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Carbon in engine and 90k checkup question

Discussion in '1st Gen. Tacomas (1995-2004)' started by StAndrew, May 8, 2010.

  1. May 8, 2010 at 4:46 PM
    #1
    StAndrew

    StAndrew [OP] Wait for it...

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    When I was replacing my spark plugs, I took a flash light to check inside the engine as I always do. I saw lots of shinny black carbon looking up at me and was wondering how to cheaply get rid of this.

    I always use premium gas (usually go with Shell) and every two to three oil changes use injector cleaner. However I bought this truck with 90k.


    Next question: My truck is way over due for its 90k maintenance. What dose this include/should include? How much does this usually cost? Thanks.
     
  2. May 8, 2010 at 5:00 PM
    #2
    steve o 77

    steve o 77 braaap

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    seafoam
     
  3. May 8, 2010 at 5:42 PM
    #3
    HerNameIsLucy

    HerNameIsLucy I miss Lucy. :-(

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  4. May 8, 2010 at 6:00 PM
    #4
    scocar

    scocar Scouting the perimeter for weakness

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    The 5zv fe is due for a timing belt at 90k. Water pump at same time, just because of all the labor to get to it (PM). I think I have heard about $500 for a shop to do it. There are writeups online if you are up to it.

    Just changing the plugs might help your burn...I would recommend the OEM Densos to avoid messing with the burn characteristics...

    Have you changed all your driveline fluids? Um, uh, I think 30K on the oils, unless hard service. 15k on grease...

    Did it come with an owner's manual and service record?
     
  5. May 8, 2010 at 6:18 PM
    #5
    scocar

    scocar Scouting the perimeter for weakness

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    Oh, hey, and I am not sure, but K&N box filter? Does that use an oiled filter? Maybe get rid of that and use a dry filter (like AFE pro dry drop-in to stock air box), get some MAF sensor cleaner, and clean your throttle body. If your MAF is getting a bad read because it is fouled by AF oil, that could affect your air/fuel mixture and burn, and the TB clean is a standard service item. There are writeups on that, too.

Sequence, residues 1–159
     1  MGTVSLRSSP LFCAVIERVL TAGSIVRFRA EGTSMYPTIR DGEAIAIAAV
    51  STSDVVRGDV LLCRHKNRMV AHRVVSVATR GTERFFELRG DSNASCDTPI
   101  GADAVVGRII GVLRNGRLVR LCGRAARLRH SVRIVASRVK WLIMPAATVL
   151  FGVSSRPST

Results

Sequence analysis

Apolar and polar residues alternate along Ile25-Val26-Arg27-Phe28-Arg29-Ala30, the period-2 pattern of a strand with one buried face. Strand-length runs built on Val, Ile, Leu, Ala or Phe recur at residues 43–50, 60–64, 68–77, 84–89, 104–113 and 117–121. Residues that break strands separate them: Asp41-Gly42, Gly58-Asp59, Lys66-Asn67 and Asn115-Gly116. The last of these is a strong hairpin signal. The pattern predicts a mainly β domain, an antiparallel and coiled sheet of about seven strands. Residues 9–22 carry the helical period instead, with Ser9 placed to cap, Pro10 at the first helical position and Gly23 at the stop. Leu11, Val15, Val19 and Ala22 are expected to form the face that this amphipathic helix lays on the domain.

6. May 8, 2010 at 6:41 PM
    #6
    wolfgang123

    wolfgang123 Well-Known Member

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    scocar got all your maintance needs covered. if you know how to do that (or know how to pay someone to do it) then your good.
     
  7. May 9, 2010 at 5:00 AM
    #7
    StAndrew

    StAndrew [OP] Wait for it...

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    Thanks scocar!

    What is seafoam and how do you do it/apply it.
     
  8. May 9, 2010 at 6:35 AM
    #8
    Barnone

    Barnone Guest

    There is this neat thing called Google.:)

    http://www.seafoamsales.com/

    Cleaning Varnish and Carbon Deposits - Fuel Injected Engines
    To clean carbon and varnish deposits from the tops of cylinders and the backs of intake valves, add 1 oz. Sea Foam to each gallon of fuel. Sea Foam will slowly re-liquefy the varnish and gum deposits that hold carbon together.
    To remove carbon and varnish deposits more quickly, Sea Foam can be induced directly into the combustion chamber via the following method. With the engine warmed up and running, SLOWLY POUR 1/3 to ½ can of Sea Foam down the carburetor throat or into any main manifold vacuum line that DISTRIBUTES EVENLY TO ALL CYLINDERS. Note that some newer induction systems, like those found on Vortec and Subaru “H” style engines, do not have any vacuum line that distribute evenly. Consequently, this process should only be attempted by technicians with a comprehensive understanding of the engine’s induction system.